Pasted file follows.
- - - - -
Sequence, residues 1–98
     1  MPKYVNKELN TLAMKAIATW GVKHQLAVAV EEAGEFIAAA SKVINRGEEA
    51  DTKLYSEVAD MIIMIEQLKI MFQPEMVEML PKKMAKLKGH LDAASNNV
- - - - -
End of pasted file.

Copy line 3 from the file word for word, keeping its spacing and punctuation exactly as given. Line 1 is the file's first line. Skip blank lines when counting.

    51  DTKLYSEVAD MIIMIEQLKI MFQPEMVEML PKKMAKLKGH LDAASNNV